Some of you have heard me talk about these kinds of events as the "broken bows" of life.  I, of course, am referring to Lehi's family and their experience with Nephi's broken bow as they waded through the wilderness. 

When Nephi broke his bow, the family felt this was just too much and so unfair.  Even Lehi, a great prophet of God, could see no way out of this horrible predicament.  Nephi recorded: "And it came to pass that Laman and Lemuel and the sons of Ishmael did begin to murmur exceedingly, because of their sufferings and afflictions in the wilderness; and also my father began to murmur against the Lord his God; yea, and they were all exceedingly sorrowful, even that they did murmur against the Lord."  [1 Nephi 16:20]

Whenever I am subjected to Murphy's Law, I think of this incident from the Book of Mormon.  I believe the "natural man" in us reacts far too often the way even great Lehi did when confronted with our "broken bows."  We are tempted to become "exceedingly sorrowful", and at times, when we feel life has pushed us too far, we may even "murmur against the Lord."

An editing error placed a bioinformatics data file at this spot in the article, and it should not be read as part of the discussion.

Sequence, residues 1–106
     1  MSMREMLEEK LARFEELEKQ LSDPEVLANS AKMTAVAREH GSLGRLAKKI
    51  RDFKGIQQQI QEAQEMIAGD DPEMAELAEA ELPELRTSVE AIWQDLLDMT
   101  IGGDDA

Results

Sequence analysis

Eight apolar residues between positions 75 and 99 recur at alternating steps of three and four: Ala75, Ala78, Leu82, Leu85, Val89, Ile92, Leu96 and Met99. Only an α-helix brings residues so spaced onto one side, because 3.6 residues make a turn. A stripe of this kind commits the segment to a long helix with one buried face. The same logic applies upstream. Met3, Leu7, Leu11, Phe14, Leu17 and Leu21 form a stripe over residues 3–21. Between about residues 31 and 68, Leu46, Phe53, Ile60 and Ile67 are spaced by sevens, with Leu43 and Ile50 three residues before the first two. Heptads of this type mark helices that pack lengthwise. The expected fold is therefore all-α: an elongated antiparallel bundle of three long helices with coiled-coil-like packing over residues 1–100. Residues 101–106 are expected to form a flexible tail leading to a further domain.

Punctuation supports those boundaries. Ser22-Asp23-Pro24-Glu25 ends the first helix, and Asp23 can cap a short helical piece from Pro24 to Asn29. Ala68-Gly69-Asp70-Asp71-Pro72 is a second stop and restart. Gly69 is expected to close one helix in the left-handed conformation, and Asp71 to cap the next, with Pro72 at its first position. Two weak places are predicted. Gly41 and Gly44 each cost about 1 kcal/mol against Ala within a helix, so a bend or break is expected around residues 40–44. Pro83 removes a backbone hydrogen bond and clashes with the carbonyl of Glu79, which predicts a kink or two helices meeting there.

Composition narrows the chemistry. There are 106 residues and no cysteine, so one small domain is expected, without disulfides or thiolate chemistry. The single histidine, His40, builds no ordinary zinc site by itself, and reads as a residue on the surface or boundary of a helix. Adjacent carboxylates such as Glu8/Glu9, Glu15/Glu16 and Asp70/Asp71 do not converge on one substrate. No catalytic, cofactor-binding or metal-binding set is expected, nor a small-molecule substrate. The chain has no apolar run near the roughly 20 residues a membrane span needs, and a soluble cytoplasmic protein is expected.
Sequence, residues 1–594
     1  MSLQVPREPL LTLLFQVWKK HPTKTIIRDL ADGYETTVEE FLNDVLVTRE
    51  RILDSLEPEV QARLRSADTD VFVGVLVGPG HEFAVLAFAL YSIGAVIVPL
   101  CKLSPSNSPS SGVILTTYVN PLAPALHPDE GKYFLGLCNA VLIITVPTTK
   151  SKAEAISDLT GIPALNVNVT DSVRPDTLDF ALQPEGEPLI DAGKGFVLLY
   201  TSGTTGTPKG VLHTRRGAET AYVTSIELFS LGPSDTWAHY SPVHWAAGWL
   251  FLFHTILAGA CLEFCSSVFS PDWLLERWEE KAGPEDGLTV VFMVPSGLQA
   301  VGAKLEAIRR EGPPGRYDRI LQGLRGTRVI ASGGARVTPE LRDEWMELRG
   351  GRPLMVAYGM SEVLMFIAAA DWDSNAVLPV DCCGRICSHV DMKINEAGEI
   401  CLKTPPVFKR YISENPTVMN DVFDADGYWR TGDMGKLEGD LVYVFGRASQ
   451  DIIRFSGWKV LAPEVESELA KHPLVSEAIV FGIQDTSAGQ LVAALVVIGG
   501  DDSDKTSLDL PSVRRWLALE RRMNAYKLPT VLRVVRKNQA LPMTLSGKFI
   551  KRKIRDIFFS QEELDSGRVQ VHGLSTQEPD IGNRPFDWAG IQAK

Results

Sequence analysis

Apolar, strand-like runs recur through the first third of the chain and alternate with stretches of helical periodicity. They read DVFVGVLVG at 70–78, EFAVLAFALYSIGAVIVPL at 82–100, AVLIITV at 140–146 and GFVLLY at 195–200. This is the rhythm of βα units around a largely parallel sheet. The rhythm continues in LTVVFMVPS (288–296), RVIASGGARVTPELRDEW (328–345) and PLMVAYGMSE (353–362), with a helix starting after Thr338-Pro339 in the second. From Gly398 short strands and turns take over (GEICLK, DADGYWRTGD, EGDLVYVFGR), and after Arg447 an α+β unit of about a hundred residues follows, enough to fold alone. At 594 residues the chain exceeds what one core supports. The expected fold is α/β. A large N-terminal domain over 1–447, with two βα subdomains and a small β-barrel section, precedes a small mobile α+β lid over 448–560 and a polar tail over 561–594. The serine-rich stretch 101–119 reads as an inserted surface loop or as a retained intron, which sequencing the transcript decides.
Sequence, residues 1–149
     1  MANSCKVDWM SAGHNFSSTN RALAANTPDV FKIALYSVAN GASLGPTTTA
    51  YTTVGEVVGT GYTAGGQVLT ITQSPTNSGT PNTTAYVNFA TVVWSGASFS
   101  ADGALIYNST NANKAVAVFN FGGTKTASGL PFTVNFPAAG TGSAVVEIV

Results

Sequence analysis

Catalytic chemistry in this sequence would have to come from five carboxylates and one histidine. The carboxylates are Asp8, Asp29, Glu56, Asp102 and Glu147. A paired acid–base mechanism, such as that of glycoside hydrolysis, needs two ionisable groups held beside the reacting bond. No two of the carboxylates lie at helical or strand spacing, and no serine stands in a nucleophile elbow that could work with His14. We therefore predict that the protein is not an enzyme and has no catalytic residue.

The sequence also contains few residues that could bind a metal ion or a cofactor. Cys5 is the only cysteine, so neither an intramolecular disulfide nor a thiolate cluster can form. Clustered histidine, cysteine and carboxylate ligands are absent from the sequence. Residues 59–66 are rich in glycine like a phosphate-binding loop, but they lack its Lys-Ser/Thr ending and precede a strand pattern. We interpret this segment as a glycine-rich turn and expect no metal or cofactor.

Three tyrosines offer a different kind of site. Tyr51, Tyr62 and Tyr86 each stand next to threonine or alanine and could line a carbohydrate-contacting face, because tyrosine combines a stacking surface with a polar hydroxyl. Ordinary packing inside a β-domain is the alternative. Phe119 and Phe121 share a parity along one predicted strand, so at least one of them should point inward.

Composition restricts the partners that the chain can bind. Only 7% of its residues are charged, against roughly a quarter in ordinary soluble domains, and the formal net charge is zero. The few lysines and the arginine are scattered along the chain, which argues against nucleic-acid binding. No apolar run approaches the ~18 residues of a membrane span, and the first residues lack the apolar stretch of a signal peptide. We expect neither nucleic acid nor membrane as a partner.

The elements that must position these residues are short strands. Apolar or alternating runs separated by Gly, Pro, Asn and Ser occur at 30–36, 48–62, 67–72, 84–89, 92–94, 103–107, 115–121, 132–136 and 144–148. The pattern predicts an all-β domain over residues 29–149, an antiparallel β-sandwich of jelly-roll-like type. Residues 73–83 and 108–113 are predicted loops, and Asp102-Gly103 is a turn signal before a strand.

I am able to live each day only because of electrical and mechanical devices. Over the years anything that can go wrong with these things has gone wrong.  I have had more near death experiences than I can even count.  In the beginning, when my equipment would fail, I would start to hyperventilate, have a panic attack, and I hate to admit it, become "exceedingly sorrowful."  With the passage of time however, and as my faith has increased, I have tried to adopt Nephi's attitude and simply go make another bow, get on with the hunt, and realize this is not the end of the world.  I have discovered that really everything in life that seems so challenging at the moment is simply a "broken bow."  I suppose that even a terminal disease is only a "broken Bow" because, knowing the end is near, we can plan for our entrance into the spirit world and hopefully be better prepared than we would be otherwise. 

I really am unable to put into words what Nephi's example has meant to me in my paralyzed state.  He truly is one of my heroes because of his attitude of gratitude and faith. 

After a particularly difficult experience with his brothers who had just tried to kill him, he said: "Nevertheless, I did look unto my God, and I did praise him all the day long; and I did not murmur against the Lord because of mine afflictions."  [1 Nephi 18:16]

Can we be like Nephi?  I don't know, but I think we must try.  And yes, it is true, "If it isn't one thing it's your mother!"